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Friday FAQ: Life After Huntington’s Disease

March 6, 2015

I’ve enjoyed so many lovely well-wishes and hugs from friends old and new, far and near, and with each conversation, I try to put it all into words. In case you were one of the ones to ask, and if my answer was feeble…this is for you. I do better in writing at times like this. I think better with my fingers.

Who did you tell your news to first?

My dad. I did not share with him that I had been going through the genetic screening process, so the first he knew of it was the morning I received my results. He and my step-mom were on vacation in Hawaii, and we had to wait a bit because of the time change.

Gabe was with me at the final appointment. Afterwards, we drove into Los Gatos for brunch. It was a beautiful spring day, and while we were on the way there, we texted my dad a photo of my new tattoo and waited.

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Shortly, he texted back: “Is that permanent?!”

Giggling, we then sent him a photograph of the lab results, and waited.

The phone rang less than 30 seconds later, and I was able to cry with him over the phone. If you’ve ever met my dad, you know –  crying isn’t something he does very often. It was beautiful to share that moment, fully joyful, fully relieved, fully open to all the emotions that came with it.

How does it feel to know you don’t have it/no longer have that hanging over you?

Go put on a pair of really dark sunglasses. Wait five minutes. Then, go outside and walk around a bit in the sun.

Now, take off the sunglasses. It’s just like that.

I’m still squinting at the brightness. I had no idea how dark my world had become with this looming overhead, filtering out the light, warmth, and life. It is shocking how big and wonderful my world now feels.

Even now, three weeks later, I still forget that I don’t have to worry anymore. I’ll kiss the boys while they are sleeping, curled into their blankets in a tangle of feet and elbows, and the script still plays, unbidden: You won’t get to do this much longer.

And now, a new script cuts in: Oh, yes I will!

Since the results were negative, do you regret getting the tattoo?

Not even the teensiest bit. I love it. (I confess I also love the reaction I get – I’m not The Type to get inked, and that’s been fun. It’s novel to rebel at the age of 41.)

The message – that battle cry – still applies. I have no guarantee against suffering, loss, illness or death. I simply have one less option. I’m just as at risk for cancer as the next girl. And now that the possibility of a long life is actually there, I could easily become completely obsessed and paranoid about the rest of my health.

But, life isn’t something we have any control over, and it can’t be held too closely. I still choose to laugh without fear of the future. But I might try to be better about eating my greens….and calcium! Longevity runs in my family – my great-grandmother died at 97 and my grandfather is still kicking at 91. I’m shooting for 100.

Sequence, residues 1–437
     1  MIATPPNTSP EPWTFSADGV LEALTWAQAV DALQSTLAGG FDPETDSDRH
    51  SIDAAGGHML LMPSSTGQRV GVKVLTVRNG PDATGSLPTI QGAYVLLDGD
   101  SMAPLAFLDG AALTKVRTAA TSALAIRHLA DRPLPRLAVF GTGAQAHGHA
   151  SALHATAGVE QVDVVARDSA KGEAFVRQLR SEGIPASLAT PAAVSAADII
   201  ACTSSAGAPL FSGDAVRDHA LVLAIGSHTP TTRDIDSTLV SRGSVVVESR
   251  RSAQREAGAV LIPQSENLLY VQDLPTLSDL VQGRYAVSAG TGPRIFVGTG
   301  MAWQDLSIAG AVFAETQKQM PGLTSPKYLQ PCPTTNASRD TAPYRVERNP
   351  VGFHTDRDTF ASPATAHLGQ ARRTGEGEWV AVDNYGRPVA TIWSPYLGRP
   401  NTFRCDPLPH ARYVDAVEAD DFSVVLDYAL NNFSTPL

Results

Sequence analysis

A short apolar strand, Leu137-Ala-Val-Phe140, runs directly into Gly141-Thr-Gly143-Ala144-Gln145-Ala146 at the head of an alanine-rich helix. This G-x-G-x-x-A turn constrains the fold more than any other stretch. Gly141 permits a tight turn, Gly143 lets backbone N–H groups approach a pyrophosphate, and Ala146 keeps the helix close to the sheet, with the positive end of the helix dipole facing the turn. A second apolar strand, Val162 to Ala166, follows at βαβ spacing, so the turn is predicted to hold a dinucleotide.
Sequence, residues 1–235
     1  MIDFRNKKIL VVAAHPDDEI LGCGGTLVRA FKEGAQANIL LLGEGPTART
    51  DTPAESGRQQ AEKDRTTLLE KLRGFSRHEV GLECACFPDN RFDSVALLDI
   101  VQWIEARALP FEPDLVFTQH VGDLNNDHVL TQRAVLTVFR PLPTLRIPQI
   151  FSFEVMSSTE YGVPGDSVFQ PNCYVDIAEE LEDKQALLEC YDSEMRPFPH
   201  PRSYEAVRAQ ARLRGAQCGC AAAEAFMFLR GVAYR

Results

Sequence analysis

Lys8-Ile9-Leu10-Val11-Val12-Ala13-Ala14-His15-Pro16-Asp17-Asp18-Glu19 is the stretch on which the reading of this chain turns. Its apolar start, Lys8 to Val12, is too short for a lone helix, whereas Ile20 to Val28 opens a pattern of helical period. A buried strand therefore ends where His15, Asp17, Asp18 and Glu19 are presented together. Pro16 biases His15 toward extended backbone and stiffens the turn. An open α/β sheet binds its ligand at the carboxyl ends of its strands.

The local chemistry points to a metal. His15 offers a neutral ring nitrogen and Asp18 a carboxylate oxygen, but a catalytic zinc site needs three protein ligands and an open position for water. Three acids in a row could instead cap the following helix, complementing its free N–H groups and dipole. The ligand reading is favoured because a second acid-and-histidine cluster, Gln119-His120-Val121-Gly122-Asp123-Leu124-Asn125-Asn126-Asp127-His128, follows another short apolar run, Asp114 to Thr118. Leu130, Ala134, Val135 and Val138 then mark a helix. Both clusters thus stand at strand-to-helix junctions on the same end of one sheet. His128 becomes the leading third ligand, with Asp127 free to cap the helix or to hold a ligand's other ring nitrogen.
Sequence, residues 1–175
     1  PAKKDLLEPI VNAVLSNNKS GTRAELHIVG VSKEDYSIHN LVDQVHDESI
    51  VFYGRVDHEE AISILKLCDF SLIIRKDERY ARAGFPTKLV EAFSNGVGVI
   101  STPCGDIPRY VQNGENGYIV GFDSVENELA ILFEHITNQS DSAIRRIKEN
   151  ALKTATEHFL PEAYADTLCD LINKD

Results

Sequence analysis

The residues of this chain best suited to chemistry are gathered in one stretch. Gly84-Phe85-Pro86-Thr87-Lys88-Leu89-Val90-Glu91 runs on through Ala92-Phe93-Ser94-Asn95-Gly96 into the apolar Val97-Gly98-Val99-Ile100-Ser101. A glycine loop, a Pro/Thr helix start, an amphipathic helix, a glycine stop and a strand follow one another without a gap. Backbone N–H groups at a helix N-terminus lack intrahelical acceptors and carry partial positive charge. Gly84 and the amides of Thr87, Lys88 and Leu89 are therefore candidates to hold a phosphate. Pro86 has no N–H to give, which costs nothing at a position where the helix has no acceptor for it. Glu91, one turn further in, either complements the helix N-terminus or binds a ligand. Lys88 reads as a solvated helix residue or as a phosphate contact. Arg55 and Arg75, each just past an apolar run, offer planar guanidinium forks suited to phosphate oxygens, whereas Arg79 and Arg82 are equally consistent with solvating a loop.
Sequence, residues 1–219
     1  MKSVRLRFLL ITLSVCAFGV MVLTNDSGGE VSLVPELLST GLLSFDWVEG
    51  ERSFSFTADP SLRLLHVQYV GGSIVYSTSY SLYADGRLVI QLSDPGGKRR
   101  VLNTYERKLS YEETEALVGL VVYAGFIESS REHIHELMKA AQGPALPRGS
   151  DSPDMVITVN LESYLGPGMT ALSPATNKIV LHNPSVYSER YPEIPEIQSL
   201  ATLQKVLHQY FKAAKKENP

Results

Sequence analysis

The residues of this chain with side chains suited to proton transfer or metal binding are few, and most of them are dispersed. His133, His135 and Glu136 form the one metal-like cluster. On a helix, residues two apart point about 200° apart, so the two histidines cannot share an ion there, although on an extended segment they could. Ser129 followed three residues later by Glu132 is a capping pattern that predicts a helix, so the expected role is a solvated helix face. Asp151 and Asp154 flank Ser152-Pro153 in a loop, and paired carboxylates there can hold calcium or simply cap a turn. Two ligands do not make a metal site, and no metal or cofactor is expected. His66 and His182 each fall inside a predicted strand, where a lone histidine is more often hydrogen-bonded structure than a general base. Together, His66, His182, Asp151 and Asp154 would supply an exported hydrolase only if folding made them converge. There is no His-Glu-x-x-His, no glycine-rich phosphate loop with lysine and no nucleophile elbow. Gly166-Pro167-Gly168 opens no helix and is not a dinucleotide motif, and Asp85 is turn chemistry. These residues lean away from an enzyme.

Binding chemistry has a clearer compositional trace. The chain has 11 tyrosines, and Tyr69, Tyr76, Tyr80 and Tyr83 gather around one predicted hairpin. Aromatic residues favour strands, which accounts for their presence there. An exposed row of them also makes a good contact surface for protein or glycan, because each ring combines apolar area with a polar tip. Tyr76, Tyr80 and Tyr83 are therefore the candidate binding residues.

Have you done anything new or different now that you know this isn’t in your future?

As my first act of living unhindered, I began taking guitar lessons along with my seven year old. I know nothing. It’s splendid to begin a new skill and think I might master it in five or 10 years, and still be around to enjoy myself. Or play back-up to my little virtuoso.

I’m also back to working on a book manuscript. It’s the story of a girl who found herself trapped in darkness after the loss of her mother, and how she came to realize that living in the light is really just allowing the broken bits to show. The cracks are how the light gets through. The light – it was there all along, on the inside.

I just didn’t know how the book would end. Now I do. 

I’m crying a lot – bearing in mind that I was also numbed out on Zoloft for the duration, and I would not have been able to survive that 9 months without an ulcer had I not been.

It is nice to feel things again, even though I’m feeling everything rather intensely. The first week I was off the meds, I had a meltdown over not being able to have hamburgers for dinner. My husband is a saint. A saint, I tell you. Thankfully, that intensity has tempered a bit.

Even still, little things get me teary. Facebook videos and dogs. Praying with my children, thinking about my mom, listening to the radio…a backwards sort of grieving. I’ve already gone through the other stages of acceptance, anger, and blame. I’m at the beginning now, where all that pain I’ve carried around for decades burbles up to the surface, and I just can’t hold it back.  It leaks out, like it or not.

Like I said before –

funny thing, grief.

completely unpredictable.

totally untamable.

entirely exhausting.

yet, mandatory.

 

Read the back story:

On Death, Joy, and Tattoos

The Waiting: On Fear, Friendship, and Snorkeling

What Not to Pray (Unless You Really Mean It)

My Story: Why I Write

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The conversation continues!  For more insights and resources about living a shiny, abundant and beautiful life, join me over on InstagramPinterest, or Facebook

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6 Comments leave one →
  1. Christina permalink
    March 6, 2015 9:06 pm

    What a beautiful story. The book sounds amazing…can’t wait!

  2. Traci Dunbar permalink
    March 7, 2015 5:32 am

    Beautiful story, beautiful lady…and super cool ink! 😉

  3. pastordt permalink
    March 10, 2015 4:59 pm

    Beautifully told, Adelle. I cannot imagine.

Trackbacks

  1. BRAVE: Clear Vision | Whole
  2. My History with Huntington’s Disease: Writing From The Inside Out | Adelle Gabrielson
  3. Hope Like A Heartbeat | Adelle Gabrielson

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